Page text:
On May 31, 2011 9:01 AM, "Javier Guerra Giraldez" <email@example.com> wrote:
> On Tue, May 31, 2011 at 8:25 AM, Patrick Rapin <firstname.lastname@example.org> wrote:
> > For example 0 is true, although most probably the user would have
> > expected false. Raising an error is certainly clearer.
> not me; i like my 0s and ''s to remain non-falsy
I've often found myself wondering why there's no luaL_optbool. I do sometimes have arguments that default to true. I suppose some might argue I shouldn't do that because nil == false and missing arg == nil, but I usually treat missing args as "fall back to default", and if you want false, just say so by passing false. :)
The point about explicitly checking for a table is also something that's bugged me a bit in Lua. Dynamically-typed languages like Lua are ideal for Duck Typing - don't ask what an object is, just check if it satisfies your needs. (Or assume so and let the caller deal with the resulting error if not.) Whether x>0 really isn't related to whether x is a number or some object having a __gt metamethod.
Lua's native API, both C-side and Lua-side, unfortunately don't offer much in this regard. There's no way I know of to ask "is x callable?" other than testing if either it's a function or has __call. No way to ask "is x indexable?" other than a similar check or actually trying to index it and seeing if an error is thrown (and hoping your test access doesn't cause any side effects, say if x does some heavy computation and/or caching to return its values).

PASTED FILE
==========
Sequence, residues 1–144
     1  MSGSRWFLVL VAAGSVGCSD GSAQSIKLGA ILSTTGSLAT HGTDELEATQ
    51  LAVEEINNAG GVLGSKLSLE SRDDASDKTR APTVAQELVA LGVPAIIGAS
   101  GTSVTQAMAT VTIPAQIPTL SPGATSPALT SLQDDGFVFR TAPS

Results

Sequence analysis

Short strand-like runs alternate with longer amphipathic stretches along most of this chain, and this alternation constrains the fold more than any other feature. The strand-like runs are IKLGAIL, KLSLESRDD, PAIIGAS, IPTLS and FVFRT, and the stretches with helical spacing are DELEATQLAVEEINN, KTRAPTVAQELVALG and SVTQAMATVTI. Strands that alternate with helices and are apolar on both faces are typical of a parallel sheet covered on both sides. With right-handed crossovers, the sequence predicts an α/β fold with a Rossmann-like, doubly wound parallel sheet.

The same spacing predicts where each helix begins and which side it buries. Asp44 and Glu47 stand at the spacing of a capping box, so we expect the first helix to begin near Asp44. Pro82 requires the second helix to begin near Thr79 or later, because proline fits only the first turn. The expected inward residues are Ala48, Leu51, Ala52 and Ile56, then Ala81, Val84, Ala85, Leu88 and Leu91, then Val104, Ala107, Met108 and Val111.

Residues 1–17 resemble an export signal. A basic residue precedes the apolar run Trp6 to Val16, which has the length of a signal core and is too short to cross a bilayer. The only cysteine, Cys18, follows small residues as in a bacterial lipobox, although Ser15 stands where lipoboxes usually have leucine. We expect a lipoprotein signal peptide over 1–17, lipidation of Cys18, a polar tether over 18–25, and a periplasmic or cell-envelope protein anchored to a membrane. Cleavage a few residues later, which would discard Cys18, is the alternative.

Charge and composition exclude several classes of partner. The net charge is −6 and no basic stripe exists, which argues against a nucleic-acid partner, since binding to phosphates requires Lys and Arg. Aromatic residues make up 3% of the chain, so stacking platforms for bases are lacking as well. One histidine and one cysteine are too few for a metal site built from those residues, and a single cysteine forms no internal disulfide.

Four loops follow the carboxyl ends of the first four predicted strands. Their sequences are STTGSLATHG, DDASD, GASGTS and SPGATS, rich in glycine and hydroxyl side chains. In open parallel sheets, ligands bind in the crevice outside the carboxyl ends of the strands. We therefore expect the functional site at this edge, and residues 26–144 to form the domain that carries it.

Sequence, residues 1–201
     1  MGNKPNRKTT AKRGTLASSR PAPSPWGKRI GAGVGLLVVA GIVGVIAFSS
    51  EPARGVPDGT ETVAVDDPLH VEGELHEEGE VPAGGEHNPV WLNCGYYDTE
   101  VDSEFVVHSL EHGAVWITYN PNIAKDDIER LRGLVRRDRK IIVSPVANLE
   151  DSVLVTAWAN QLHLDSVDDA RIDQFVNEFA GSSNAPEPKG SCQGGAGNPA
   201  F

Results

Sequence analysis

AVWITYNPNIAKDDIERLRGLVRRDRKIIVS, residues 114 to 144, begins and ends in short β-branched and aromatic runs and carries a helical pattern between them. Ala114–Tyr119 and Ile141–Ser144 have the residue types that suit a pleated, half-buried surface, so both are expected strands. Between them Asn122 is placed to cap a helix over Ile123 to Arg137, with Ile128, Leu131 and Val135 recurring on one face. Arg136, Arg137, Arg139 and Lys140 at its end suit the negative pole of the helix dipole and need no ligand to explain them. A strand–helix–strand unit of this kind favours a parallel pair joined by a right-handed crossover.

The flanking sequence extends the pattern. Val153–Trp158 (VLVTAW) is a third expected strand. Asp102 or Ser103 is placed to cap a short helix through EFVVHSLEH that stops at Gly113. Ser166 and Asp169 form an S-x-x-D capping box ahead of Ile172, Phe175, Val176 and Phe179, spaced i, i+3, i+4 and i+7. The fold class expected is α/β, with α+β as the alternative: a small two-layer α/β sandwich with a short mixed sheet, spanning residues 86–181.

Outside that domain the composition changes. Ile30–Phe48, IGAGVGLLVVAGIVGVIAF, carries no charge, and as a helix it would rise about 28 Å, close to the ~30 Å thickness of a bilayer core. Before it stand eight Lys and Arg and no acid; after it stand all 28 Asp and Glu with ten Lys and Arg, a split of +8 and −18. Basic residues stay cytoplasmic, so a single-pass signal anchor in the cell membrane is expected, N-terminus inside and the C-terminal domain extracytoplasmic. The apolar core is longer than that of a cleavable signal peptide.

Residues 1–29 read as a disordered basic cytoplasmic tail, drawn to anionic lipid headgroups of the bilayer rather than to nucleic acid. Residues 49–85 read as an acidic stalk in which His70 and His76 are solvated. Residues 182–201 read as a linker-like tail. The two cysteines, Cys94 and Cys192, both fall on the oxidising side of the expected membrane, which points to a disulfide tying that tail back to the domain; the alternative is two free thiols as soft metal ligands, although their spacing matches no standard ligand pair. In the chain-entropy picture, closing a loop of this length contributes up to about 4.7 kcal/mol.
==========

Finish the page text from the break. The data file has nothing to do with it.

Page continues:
I think it'd be much more efficient if Lua provided some functions to test if a given object supports various actions - being called, indexed, being used as a number or string, being used in a greater/less-than compare to some other object, etc.
(PS sorry if this message is ugly. The mobile Gmail client has improved a lot in recent versions, but might still have some quirks I don't know about. :)
Sent from my toaster.